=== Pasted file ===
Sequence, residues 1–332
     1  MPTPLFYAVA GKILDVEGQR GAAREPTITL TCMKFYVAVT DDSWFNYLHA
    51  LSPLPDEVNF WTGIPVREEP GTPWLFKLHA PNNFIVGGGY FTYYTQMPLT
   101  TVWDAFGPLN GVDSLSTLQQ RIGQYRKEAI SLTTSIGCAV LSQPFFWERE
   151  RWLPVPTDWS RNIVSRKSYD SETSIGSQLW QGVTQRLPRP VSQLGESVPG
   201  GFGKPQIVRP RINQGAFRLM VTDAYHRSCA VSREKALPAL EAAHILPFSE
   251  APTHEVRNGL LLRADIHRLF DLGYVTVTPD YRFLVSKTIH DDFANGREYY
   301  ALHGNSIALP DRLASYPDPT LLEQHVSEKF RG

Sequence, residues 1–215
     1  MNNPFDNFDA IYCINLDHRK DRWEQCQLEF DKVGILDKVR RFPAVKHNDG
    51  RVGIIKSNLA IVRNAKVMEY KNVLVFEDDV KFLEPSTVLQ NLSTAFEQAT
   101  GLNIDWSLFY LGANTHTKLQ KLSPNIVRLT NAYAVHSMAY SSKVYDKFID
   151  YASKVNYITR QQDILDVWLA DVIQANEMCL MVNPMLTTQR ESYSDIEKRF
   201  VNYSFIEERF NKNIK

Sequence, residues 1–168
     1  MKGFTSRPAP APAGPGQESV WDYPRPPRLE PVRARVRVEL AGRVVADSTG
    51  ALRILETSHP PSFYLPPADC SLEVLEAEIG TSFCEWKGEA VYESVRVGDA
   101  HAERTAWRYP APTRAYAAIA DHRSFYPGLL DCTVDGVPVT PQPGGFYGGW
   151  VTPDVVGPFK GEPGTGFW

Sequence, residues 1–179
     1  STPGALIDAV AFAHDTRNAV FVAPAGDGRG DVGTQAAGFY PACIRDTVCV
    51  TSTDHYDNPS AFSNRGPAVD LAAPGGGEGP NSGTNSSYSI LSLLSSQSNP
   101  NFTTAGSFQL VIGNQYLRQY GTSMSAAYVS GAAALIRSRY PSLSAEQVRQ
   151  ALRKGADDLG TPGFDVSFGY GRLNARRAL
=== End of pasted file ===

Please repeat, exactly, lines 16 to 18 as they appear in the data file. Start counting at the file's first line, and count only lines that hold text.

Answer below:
     1  MKGFTSRPAP APAGPGQESV WDYPRPPRLE PVRARVRVEL AGRVVADSTG
    51  ALRILETSHP PSFYLPPADC SLEVLEAEIG TSFCEWKGEA VYESVRVGDA
   101  HAERTAWRYP APTRAYAAIA DHRSFYPGLL DCTVDGVPVT PQPGGFYGGW